convergence time for congestion control
fairness between different users
adaptive to different connections
overhead of congestion control
average goodput for receivers
fairness when competing with other flows using TCP-like congestion control
Expected results are:
quick convergence time for congestion control
adaptive to heterogeneous connections under limited number of receivers
low overhead incurred in network
higher average goodput for receivers
good fairness competing with traditional TCP-like congestion control mechanisms
Equation Based Congestion Control:
basically the equation based congestion control is based on the following equation:
So we propose the receiver send feedback to sender including the RTT and loss rate p it estimates so that the sender can calculate the estimated acceptable rate.
Dynamic receiver grouping:
Transmission rate to each receiver is calculated by sender and the sender need to optimally partition receivers to groups with a specific transmission rate for each group.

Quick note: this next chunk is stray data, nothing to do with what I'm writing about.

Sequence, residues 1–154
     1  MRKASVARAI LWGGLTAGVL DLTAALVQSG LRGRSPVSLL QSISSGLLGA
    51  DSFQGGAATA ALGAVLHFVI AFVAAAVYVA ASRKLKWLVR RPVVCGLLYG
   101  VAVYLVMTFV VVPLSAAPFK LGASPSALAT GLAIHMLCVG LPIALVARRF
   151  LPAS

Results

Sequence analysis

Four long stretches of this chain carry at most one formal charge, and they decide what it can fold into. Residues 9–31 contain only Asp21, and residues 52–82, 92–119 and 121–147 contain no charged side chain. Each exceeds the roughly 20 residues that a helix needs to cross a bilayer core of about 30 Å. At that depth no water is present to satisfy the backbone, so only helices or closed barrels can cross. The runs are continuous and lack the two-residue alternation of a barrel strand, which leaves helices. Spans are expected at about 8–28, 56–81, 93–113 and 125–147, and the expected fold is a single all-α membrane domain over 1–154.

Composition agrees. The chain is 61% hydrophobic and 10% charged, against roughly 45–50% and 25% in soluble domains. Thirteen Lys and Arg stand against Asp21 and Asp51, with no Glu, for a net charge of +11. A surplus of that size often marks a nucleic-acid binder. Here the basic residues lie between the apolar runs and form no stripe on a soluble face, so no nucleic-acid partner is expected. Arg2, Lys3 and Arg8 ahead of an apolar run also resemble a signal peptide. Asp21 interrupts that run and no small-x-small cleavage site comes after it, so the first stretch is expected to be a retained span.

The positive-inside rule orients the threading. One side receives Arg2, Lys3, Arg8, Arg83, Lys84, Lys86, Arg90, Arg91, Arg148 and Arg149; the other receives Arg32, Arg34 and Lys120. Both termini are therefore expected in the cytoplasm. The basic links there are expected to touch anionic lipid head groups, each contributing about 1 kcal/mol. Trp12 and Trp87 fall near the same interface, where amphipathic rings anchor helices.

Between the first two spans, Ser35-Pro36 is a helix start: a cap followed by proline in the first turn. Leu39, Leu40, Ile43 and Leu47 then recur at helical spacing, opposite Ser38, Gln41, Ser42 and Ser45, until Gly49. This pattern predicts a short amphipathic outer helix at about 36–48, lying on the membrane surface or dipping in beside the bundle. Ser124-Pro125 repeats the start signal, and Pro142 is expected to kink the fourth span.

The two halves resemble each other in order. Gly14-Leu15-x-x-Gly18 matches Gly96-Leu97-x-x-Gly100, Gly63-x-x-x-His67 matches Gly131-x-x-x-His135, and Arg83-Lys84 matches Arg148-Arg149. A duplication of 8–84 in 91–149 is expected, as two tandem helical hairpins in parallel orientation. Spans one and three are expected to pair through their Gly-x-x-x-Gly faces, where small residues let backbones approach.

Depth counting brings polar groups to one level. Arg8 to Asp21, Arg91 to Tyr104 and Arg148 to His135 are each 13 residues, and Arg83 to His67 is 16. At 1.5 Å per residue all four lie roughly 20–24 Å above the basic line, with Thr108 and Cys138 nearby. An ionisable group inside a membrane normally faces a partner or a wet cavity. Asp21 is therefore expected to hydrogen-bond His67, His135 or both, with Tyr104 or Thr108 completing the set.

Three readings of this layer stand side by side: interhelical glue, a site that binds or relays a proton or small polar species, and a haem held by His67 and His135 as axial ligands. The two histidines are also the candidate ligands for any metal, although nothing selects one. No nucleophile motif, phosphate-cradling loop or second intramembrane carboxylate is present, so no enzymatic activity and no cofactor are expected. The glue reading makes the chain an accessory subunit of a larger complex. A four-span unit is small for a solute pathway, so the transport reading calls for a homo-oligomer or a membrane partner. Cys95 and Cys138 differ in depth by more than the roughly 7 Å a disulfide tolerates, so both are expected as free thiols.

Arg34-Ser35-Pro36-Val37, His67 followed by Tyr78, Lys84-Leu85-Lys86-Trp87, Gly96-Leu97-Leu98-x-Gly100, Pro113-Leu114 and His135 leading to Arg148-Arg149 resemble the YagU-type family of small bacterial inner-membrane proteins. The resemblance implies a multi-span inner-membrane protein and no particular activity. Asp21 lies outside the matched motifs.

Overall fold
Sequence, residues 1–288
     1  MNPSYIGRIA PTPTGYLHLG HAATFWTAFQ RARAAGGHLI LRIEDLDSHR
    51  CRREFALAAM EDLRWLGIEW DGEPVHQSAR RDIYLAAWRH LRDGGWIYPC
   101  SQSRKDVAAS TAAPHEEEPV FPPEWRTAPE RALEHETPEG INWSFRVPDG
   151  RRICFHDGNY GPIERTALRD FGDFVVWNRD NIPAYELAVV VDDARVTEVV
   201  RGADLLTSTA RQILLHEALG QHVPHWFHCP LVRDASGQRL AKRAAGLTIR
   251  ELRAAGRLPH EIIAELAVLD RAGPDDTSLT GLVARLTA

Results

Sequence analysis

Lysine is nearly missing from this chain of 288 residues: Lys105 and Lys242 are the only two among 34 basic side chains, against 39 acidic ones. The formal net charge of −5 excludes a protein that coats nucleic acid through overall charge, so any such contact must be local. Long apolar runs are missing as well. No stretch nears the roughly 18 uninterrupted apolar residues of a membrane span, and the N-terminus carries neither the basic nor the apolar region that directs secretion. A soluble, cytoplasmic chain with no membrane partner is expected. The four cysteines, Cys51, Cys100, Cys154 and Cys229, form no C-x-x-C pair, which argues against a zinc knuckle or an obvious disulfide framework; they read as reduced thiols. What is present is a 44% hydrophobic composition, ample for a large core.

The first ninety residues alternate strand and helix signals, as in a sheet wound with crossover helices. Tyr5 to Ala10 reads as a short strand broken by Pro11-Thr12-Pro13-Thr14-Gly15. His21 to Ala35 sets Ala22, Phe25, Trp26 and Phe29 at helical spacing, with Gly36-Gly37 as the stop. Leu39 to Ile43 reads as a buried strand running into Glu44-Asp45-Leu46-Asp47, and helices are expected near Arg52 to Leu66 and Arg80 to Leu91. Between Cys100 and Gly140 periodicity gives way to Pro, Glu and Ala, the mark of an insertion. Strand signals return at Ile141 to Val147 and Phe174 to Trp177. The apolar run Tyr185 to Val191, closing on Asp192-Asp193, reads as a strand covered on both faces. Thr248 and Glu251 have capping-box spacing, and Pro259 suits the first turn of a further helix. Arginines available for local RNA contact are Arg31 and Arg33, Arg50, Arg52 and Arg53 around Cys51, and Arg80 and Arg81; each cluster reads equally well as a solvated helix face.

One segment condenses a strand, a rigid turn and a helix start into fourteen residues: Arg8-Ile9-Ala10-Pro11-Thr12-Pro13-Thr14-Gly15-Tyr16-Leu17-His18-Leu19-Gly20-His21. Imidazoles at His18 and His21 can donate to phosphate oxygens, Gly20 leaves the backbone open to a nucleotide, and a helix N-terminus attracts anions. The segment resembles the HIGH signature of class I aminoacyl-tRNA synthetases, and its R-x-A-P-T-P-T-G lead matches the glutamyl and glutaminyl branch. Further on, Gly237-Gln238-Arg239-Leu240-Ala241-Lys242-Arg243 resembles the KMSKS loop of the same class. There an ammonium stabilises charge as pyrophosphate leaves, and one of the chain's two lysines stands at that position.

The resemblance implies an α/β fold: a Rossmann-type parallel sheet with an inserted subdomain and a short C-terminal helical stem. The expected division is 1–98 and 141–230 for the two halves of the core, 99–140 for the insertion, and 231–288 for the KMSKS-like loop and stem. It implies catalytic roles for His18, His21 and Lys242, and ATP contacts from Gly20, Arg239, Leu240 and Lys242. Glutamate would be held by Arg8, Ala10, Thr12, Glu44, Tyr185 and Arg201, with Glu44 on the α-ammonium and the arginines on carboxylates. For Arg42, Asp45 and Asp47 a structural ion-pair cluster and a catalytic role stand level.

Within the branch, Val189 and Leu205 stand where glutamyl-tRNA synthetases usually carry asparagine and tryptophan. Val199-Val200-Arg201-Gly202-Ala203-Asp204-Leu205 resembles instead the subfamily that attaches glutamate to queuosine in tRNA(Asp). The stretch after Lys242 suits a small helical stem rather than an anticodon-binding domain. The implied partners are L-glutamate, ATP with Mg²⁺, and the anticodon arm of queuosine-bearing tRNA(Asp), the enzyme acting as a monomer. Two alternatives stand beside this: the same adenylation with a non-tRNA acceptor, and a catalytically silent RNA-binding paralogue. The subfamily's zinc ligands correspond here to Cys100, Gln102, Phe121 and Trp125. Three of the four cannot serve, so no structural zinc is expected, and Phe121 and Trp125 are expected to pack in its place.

Algorithm to find the optimal partition of receivers should achieve the goals of reducing the number of groups and maximize total goodput.
Receiver interference problem:
Adjusted equation based control: adjust the equation let higher layer receiver to be more sensitive to loss and RTT.
Employ “deaf” period for lower layer receivers: after a new higher layer receiver being added, allow lower layer receivers to be “deaf” to loss and RTT for a while.
receivers make estimation of RTT and loss rate p based on different transmission rate:
Advantage: no need for sender to be aware of where the bottleneck is.
Disadvantage: the lower layer receivers still suffer for a short time, though less influenced.
Notify affected receivers to be “deaf” for a period of time to let the newly added high layer receiver quiet down.
Advantage: Lower layer receivers will not be affected at all.
Sender needs to be aware of where the bottleneck is and who are behind the bottleneck.
Necessary adjustment of rate may be delayed by the “deaf” period.
One additional notation of receiver interference: